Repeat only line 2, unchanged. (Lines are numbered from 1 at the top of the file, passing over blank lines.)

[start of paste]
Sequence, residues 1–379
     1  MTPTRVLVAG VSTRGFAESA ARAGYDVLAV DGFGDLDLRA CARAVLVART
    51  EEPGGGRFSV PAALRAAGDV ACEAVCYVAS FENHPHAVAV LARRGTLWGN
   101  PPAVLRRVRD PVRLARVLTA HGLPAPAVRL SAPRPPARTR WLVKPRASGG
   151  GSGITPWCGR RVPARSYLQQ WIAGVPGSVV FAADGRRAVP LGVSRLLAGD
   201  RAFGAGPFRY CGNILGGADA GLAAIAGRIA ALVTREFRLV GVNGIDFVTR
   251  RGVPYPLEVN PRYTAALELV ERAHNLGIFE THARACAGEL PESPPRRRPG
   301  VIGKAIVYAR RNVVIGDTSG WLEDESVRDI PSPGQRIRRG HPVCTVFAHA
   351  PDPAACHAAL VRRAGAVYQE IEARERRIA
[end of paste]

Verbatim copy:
     1  MTPTRVLVAG VSTRGFAESA ARAGYDVLAV DGFGDLDLRA CARAVLVART